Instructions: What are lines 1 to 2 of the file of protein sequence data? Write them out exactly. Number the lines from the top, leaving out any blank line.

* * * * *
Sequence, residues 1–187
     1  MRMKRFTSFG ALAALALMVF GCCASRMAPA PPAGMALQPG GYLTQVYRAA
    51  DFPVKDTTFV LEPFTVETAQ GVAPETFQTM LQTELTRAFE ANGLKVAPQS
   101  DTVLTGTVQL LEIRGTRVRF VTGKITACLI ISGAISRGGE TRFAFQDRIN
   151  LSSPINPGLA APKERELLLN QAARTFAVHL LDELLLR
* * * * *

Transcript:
Sequence, residues 1–187
     1  MRMKRFTSFG ALAALALMVF GCCASRMAPA PPAGMALQPG GYLTQVYRAA